2 Cheap Stocks That Could Make Your Grandkids Rich

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The stock market has come off its all-time highs, but many stocks are still historically expensive. However, thanks to pressure from rising interest rates and some other temporary headwinds, the real estate sector is full of exciting bargains for long-term investors. Here are two in particular that all trade for low valuations and could prove to be excellent investments for decades to come.

Data source: TD Ameritrade . Prices and yield information as of 3/12/18. P/FFO = price-to-funds from operations, based on midpoint of each company's 2018 guidance.

Short-term supply concerns, but an amazing long-term opportunity

Healthcare real estate investment trusts (REITs) have been particularly beaten-down as a result of oversupply worries in the industry. You may have heard that with the aging U.S. population, the need for healthcare will grow dramatically in the coming decades. In fact, the 65-and-up population is expected to roughly double by 2050.

Well, it looks as if the supply may have outpaced the demand growth, for now, especially in the senior housing industry. Construction of new senior housing properties peaked in 2015, and since that time, occupancy has fallen significantly.

However, healthcare real estate remains a solid long-term investment, and Ventas is a smart way to play it. For starters, it may not take long for senior housing demand to surpass supply, as construction has slowed significantly in recent years, and growth in the 80-plus segment of the population is expected to accelerate rapidly after 2020.

Ventas is one of the largest healthcare REITs, with more than 1,200 properties. Just over half of the portfolio is senior housing properties, with major investments in medical offices, life science properties, and hospitals as well. Ventas sees especially strong growth opportunities in medical offices and life science properties, and it plans to concentrate most of its investment efforts into those categories in 2018.

An additional growth catalyst is the potential for consolidation in the industry. Currently, just 12%-15% of healthcare real estate is REIT-owned, as compared with more than 40% of malls and over 50% of hotels. And the most financially flexible REITs, like Ventas, will certainly have an edge.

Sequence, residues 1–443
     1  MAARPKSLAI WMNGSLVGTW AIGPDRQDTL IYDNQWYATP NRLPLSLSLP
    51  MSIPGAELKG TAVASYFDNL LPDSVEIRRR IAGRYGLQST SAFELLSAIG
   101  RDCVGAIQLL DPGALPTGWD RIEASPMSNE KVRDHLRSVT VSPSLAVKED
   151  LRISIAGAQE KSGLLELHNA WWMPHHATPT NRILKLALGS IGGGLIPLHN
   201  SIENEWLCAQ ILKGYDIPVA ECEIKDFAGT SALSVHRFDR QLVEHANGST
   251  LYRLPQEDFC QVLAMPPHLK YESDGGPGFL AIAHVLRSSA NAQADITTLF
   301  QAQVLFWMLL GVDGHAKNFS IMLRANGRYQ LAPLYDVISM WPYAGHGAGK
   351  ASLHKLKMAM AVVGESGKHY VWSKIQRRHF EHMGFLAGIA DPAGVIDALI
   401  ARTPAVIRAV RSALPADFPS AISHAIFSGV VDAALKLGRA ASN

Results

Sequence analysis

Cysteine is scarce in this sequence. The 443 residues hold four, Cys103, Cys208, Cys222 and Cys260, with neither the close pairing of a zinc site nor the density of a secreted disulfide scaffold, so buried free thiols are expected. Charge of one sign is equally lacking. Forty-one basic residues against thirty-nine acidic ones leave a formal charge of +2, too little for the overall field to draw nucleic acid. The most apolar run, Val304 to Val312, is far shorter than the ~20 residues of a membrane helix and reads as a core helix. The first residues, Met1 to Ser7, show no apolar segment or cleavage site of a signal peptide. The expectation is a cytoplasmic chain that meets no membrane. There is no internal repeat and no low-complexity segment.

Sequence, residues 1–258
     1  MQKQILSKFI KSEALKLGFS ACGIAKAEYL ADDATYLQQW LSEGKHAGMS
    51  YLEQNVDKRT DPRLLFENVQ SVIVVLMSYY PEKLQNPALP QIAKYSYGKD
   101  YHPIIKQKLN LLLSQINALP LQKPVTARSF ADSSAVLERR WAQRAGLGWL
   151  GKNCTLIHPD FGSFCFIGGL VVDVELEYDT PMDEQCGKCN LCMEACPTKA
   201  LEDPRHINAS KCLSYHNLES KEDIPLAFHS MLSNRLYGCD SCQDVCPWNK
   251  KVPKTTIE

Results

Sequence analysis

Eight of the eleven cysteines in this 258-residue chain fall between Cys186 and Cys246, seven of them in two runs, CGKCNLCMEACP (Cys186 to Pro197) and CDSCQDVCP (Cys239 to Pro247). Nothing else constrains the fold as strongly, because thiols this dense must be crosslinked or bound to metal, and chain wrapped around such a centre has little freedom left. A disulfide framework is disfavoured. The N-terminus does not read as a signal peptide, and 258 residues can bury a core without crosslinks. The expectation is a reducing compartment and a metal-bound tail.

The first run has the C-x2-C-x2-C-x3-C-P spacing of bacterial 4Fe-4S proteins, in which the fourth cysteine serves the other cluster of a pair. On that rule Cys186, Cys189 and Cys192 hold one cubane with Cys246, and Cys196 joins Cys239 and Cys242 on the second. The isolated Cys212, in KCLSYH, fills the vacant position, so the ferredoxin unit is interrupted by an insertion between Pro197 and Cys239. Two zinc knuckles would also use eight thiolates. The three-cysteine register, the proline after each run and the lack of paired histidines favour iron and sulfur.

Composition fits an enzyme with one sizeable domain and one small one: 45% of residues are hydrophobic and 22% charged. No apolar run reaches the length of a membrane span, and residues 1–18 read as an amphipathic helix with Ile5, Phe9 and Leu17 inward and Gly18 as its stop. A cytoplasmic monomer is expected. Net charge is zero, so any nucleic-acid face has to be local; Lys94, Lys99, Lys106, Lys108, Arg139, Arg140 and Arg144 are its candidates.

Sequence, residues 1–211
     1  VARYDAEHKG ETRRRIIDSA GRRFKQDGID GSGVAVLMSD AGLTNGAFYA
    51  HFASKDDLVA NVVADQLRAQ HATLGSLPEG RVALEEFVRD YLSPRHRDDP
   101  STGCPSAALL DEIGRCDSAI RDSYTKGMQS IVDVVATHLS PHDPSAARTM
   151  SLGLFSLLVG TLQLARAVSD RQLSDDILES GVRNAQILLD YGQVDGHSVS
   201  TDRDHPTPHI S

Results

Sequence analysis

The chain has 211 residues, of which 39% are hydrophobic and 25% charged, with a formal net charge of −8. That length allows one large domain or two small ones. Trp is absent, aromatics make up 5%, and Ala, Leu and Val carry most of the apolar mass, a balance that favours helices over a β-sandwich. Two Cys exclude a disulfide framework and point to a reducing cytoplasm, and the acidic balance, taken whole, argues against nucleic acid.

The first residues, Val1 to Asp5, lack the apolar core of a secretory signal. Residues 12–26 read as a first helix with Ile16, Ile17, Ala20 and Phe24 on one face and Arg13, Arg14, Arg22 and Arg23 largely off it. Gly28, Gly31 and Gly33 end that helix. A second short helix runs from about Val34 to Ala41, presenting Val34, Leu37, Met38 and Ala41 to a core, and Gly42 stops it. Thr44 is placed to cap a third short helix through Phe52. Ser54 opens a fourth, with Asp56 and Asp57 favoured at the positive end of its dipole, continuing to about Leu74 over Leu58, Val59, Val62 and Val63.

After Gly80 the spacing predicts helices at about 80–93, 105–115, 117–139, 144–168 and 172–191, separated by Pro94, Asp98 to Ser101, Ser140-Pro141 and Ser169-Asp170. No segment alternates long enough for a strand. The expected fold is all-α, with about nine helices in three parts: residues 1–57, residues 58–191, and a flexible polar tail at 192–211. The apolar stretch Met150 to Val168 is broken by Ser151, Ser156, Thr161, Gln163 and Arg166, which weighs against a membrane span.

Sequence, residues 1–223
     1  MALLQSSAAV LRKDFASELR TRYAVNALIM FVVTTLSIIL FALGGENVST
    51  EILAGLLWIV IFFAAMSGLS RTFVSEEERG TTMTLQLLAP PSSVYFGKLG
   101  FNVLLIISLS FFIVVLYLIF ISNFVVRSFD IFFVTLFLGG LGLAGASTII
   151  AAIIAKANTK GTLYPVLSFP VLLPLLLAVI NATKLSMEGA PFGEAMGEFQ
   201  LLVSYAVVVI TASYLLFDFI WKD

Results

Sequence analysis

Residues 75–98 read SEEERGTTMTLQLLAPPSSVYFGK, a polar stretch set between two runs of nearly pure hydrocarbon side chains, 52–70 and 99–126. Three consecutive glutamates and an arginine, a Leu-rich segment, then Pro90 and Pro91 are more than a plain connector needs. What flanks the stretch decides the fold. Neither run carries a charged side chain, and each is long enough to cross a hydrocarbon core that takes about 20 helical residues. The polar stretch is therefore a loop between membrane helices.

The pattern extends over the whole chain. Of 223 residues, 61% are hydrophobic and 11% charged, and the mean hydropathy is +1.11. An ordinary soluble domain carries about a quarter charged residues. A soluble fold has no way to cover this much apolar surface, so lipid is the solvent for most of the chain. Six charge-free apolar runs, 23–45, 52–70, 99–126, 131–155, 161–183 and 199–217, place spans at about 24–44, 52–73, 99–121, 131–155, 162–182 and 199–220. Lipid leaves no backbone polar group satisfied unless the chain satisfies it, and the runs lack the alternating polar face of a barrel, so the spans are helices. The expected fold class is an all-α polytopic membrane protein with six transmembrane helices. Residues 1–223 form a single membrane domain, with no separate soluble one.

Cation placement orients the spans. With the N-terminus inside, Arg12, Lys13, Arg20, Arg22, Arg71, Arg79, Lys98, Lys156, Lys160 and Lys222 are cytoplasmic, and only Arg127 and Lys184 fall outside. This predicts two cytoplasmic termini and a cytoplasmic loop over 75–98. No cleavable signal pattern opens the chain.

Since 2001, Ventas has growing its FFO per share , the REIT version of "earnings," at a 10% annualized rate, and shareholders have enjoyed an 8% dividend growth rate. With the future growth potential, and well-covered dividend, there's no reason to believe this can't continue.

A near-monopoly in its core business, with a big growth catalyst

When it comes to records storage and security, there's Iron Mountain and then there's everyone else. Iron Mountain is simply in a league of its own. The company stores 680 million cubic feet of hard-copy records, 1 billion medical images, and 89 million pieces of media, just to name a few of the impressive statistics. Ninety-five percent of the companies in the Fortune 1,000 are among Iron Mountain's 225,000 customers.

As you might imagine, the bulk of Iron Mountain's revenue comes from records storage. However, the company does have a substantial revenue stream from services, 19% of total. For example, you may have seen one of Iron Mountain's mobile document-shredding trucks.

Iron Mountain has a large and geographically diverse business. The company operates more than 1,400 facilities in 53 countries around the world.

The company gets many of the benefits of the self-storage industry without the drawback of high turnover. Specifically, storage facilities tend to have relatively low ongoing expenses when compared with other property types, and while self-storage is generally rented on a month-to-month basis, half of the boxes stored in Iron Mountain's facilities 15 years ago are still there.

There are a couple of reasons I'm excited about Iron Mountain as a long-term investment. For one thing, the company still has lots of growth potential in its core business in emerging markets around the world.

More significantly, Iron Mountain has been quietly getting into the data-center business . Data centers currently make up less than 1% of Iron Mountain's revenue, but there is tremendous room for growth in the decades ahead -- as any shareholder of Digital Realty or Equinix can tell you, the growth in the need for secure data storage isn't slowing down. In fact, the company has an ambitious goal of growing its data-center revenue to 7% of the company's total by 2020, and I wouldn't be surprised if this turns out to be just the beginning of Iron Mountain's growth story.

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Matthew Frankel owns shares of Digital Realty Trust and Iron Mountain. The Motley Fool recommends Equinix. The Motley Fool has a disclosure policy .

The views and opinions expressed herein are the views and opinions of the author and do not necessarily reflect those of Nasdaq, Inc.

The views and opinions expressed herein are the views and opinions of the author and do not necessarily reflect those of Nasdaq, Inc.

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